About complex definitions and "love": through no fault of your own, you have assumed that my definitions of "God" and "love" are the familiar, simplistic definitions of most Christians--in which "God" is far away and absent from the world, and "love" is just an emotion or passion. My definition of God is far too long to go into here, but I have touched on it in other posts (including the ones linked to above). My definition of love is, likewise, a long and philosophically complex one. It is most definitely not merely an emotional high or a passion evoked by the presence of a given individual (whether deity or human being). The briefest I could be is to say that love, for me, is "the process of growth through de-constructive receptivity and creative activity, undertaken freely and with self-consciousness, towards greater individuation through closer union." Keeping in mind, of course, that ideas of process, growth, receptivity, creativity, freedom, self-awareness, individuation and union all deserve philosophical exploration of their own. This definition of love holds for kindred love as well as romantic, passionate love--as well as for spiritual love (which I would argue is different in type, though not in kind, from the kindred love that you attribute to your relationship with the Gods). I admit that this focus on love is perhaps a unique attribute of monotheism, but it is one that I maintain intentionally because I see it as valuable and insightful, not merely because it's a bias I was taught and never questioned.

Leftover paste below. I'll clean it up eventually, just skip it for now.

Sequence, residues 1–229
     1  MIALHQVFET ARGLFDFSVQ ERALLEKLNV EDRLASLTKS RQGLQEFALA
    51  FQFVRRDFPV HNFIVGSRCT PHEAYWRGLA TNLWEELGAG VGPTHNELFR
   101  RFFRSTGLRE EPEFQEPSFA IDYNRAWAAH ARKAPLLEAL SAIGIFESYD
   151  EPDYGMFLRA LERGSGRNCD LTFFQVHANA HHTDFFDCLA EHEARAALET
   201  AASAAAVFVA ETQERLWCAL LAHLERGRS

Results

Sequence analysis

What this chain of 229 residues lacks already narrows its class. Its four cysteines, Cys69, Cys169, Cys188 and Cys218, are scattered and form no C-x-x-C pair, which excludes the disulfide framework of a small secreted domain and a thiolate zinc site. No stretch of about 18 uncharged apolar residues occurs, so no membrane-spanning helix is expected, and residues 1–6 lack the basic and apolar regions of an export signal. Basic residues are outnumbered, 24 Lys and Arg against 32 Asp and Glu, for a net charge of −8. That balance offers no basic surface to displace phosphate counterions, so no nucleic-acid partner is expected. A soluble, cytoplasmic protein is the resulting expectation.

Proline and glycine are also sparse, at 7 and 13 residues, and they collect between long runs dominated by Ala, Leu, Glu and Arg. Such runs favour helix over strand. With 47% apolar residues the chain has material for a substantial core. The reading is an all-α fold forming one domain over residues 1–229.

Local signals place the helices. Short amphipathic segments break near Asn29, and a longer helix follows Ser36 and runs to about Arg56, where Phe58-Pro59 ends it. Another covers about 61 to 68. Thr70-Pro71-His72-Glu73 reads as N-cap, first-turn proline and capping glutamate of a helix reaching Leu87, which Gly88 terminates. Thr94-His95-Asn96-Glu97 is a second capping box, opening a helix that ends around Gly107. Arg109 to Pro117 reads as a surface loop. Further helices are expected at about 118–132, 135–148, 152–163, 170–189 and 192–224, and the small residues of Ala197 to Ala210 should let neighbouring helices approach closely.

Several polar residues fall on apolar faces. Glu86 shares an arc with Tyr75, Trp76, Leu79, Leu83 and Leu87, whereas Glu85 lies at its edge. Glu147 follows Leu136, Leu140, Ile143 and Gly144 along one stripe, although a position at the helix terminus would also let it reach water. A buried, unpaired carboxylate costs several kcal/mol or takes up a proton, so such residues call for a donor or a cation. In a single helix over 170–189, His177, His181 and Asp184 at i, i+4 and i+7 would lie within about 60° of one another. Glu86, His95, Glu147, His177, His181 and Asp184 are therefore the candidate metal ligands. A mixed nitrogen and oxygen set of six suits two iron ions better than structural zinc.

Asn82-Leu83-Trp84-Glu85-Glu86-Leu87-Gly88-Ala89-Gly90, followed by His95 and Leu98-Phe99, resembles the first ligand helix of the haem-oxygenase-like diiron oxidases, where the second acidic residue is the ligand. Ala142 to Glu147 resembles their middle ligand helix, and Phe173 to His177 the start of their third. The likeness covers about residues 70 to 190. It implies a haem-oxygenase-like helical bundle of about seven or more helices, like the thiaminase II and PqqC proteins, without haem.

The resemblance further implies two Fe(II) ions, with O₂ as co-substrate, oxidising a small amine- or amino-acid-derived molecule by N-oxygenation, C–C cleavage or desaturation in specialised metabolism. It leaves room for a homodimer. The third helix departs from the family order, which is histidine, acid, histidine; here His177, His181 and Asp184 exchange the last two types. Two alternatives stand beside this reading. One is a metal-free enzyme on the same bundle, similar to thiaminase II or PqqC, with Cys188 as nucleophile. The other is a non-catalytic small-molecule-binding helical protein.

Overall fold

One last note: I understand that the mythologies and stories of the polytheist Gods are not literal, nor are they any more immoral or amoral than the Old Testament stories of Jehovah. My question, really, is how do modern Pagans work with these stories? Even those of us who aren't Christian are familiar with the thousands of years of Biblical interpretation and theology, the sacred texts providing context and interpretation--the Midrash of Judaism, the Gospels and Letters of the New Testament--the apologists and theologians over the centuries, that have gone into the modern interpretation of Christianity's literal mythology (even if this work of a thousand years is abandoned in favor of simplistic literalism by today's fundamentalists). Modern Pagans have no theologians, no long history of philosophical texts--what they have are historical documents and evidence, and archeologists who, as you yourself pointed out recently, may have no real interest in the spiritual insights or applications of their research or discoveries. Given all this, I am interested in the actual process through which Pagans transform these literal mythologies into metaphorical systems of belief and practice. I hope that helps to clarify my question a bit (and your response has actually helped to answer it a little, even though perhaps you didn't know it!).